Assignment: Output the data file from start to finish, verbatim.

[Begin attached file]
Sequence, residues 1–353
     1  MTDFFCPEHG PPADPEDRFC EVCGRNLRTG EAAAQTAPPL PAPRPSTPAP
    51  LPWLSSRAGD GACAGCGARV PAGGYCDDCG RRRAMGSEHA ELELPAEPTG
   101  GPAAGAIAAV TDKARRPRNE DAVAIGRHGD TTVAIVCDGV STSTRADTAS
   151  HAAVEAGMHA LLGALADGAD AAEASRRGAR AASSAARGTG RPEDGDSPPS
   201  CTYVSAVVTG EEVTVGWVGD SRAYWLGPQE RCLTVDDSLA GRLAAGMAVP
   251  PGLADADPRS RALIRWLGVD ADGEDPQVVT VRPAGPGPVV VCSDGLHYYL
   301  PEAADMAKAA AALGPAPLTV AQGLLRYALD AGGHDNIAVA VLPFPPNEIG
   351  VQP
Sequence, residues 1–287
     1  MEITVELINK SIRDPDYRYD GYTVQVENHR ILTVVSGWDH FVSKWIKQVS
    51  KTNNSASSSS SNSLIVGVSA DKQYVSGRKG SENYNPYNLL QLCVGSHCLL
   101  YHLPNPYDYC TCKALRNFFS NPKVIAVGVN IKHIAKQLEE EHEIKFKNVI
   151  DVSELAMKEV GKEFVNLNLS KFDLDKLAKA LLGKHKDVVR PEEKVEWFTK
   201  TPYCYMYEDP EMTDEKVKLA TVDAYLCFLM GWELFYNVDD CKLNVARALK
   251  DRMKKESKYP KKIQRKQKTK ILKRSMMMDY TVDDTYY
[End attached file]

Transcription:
Sequence, residues 1–353
     1  MTDFFCPEHG PPADPEDRFC EVCGRNLRTG EAAAQTAPPL PAPRPSTPAP
    51  LPWLSSRAGD GACAGCGARV PAGGYCDDCG RRRAMGSEHA ELELPAEPTG
   101  GPAAGAIAAV TDKARRPRNE DAVAIGRHGD TTVAIVCDGV STSTRADTAS
   151  HAAVEAGMHA LLGALADGAD AAEASRRGAR AASSAARGTG RPEDGDSPPS
   201  CTYVSAVVTG EEVTVGWVGD SRAYWLGPQE RCLTVDDSLA GRLAAGMAVP
   251  PGLADADPRS RALIRWLGVD ADGEDPQVVT VRPAGPGPVV VCSDGLHYYL
   301  PEAADMAKAA AALGPAPLTV AQGLLRYALD AGGHDNIAVA VLPFPPNEIG
   351  VQP
Sequence, residues 1–287
     1  MEITVELINK SIRDPDYRYD GYTVQVENHR ILTVVSGWDH FVSKWIKQVS
    51  KTNNSASSSS SNSLIVGVSA DKQYVSGRKG SENYNPYNLL QLCVGSHCLL
   101  YHLPNPYDYC TCKALRNFFS NPKVIAVGVN IKHIAKQLEE EHEIKFKNVI
   151  DVSELAMKEV GKEFVNLNLS KFDLDKLAKA LLGKHKDVVR PEEKVEWFTK
   201  TPYCYMYEDP EMTDEKVKLA TVDAYLCFLM GWELFYNVDD CKLNVARALK
   251  DRMKKESKYP KKIQRKQKTK ILKRSMMMDY TVDDTYY